The other day, we were down at Texas Medical Center and while I waited for my wife to bring the car around I noticed all the plaques and pictures on the wall in the lobby remembering those who'd gone ahead of us and reminding us that they helped create that facility. The buildings have names that enshrine their memory, too. Like Brown, Alkek, Fondren, Dunn, Smith, Scurlock, and Mary Gibbs Jones. And that's just the part at Methodist Hospital. Other areas of the Center have their own memorials.
With Tax Day falling in this month, many have no doubt expressed their disdain for paying taxes. That sense of frustration is understandable. It's quite an eye-opener to see how much money the government gets from our hard-earned income. But this week I've also been thinking about another aspect of the tax system. The Estate Tax and all of those plaques on the wall in the hospital lobby.
Under US law, a federal tax of forty percent is imposed on all estates valued above five million dollars. That's a much higher rate than the federal income tax, but there are ways to legally avoid that tax. One of those ways is by giving everything above the five million dollar limit to a qualifying institution or entity - a charitable cause, your alma mater, the church you attend, or by giving it to a foundation of your own.
As I thought about that and the plaques on the wall in the hospital lobby I realized the federal tax code actually pushes us to give away our wealth. The law forces us to think about our estate in terms of others. To address those needs, issues, and causes that are dear to us. To start or join a work that takes more than a single generation to accomplish.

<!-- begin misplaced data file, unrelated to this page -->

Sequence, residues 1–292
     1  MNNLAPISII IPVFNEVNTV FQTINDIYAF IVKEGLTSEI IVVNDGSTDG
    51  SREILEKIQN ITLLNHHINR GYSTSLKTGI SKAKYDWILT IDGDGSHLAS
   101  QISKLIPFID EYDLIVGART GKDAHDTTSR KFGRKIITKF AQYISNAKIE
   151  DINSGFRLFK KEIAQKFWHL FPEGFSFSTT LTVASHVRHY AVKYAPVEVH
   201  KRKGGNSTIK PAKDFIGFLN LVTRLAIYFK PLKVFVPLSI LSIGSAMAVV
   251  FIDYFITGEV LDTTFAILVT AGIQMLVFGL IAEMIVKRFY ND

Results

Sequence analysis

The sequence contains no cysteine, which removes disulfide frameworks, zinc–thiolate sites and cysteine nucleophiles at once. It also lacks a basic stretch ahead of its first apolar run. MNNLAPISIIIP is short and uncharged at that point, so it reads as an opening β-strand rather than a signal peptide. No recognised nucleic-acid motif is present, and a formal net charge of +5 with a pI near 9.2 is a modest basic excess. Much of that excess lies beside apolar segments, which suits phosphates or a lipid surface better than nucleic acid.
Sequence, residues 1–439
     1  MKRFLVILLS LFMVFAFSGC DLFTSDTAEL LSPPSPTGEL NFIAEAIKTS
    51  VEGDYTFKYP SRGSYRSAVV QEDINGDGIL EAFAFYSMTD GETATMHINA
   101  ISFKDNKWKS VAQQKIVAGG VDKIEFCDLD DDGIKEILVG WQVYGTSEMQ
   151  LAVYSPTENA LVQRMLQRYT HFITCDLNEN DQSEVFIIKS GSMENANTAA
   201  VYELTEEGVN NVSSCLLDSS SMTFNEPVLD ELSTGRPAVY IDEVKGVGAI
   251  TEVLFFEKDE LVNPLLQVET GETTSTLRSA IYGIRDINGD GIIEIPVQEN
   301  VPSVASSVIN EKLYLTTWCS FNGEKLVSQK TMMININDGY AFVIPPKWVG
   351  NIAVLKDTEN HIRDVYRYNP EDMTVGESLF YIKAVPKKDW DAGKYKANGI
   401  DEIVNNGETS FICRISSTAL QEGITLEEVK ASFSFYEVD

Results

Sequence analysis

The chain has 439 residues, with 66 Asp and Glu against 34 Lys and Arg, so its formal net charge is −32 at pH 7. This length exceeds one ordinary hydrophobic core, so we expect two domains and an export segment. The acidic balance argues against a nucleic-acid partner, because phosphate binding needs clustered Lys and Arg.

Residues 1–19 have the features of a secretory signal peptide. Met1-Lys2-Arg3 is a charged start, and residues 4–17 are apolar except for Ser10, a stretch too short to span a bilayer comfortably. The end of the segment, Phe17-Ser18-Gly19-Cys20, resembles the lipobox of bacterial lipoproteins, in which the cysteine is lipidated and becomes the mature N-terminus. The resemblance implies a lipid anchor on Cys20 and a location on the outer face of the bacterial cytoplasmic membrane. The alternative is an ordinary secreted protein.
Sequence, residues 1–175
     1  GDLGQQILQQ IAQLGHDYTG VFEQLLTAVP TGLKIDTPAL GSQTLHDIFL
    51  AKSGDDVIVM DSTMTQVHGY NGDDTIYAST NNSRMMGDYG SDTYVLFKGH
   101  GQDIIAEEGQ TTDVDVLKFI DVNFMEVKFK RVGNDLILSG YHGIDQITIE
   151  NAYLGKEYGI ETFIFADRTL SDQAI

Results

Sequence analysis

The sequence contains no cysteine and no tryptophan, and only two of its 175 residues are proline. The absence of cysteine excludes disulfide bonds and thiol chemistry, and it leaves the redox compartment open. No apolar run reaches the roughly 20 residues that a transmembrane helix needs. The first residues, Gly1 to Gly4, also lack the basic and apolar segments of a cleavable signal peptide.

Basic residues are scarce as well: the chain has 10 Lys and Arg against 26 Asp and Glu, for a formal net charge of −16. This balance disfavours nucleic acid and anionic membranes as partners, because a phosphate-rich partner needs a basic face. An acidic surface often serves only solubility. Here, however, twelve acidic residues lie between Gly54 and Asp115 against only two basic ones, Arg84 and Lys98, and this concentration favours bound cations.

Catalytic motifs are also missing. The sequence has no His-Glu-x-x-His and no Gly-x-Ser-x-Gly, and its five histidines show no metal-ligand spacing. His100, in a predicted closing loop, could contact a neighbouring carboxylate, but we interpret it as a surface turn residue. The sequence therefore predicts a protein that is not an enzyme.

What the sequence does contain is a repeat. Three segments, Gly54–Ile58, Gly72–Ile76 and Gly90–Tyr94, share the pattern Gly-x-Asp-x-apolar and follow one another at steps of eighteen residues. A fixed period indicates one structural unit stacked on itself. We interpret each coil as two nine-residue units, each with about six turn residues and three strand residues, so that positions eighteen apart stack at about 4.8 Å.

Texas Medical Center was started by Monroe D. Anderson, a cotton broker who created a foundation to avoid federal taxes on his estate. The money that went to that foundation after Mr. Anderson died bought the land for the Center and helped fund construction of its first hospital. His vision was an inspiration to those who carried out the mission he started and that vision still drives the current generation of leaders who manage the Center today.
Yes, the federal government takes a big chunk of our income. And, yes, the federal government is far more intrusive than our Founders ever imagined. But the Estate Tax is one thing the tax code gets right. It encourages us - forces us - reminds us - to think of others. To build toward a future with dreams and visions bigger than we can accomplish in our lifetime. To join with those who've gone before us. To add our efforts to their's and to remind those coming after us that caring for others is their responsibility, too.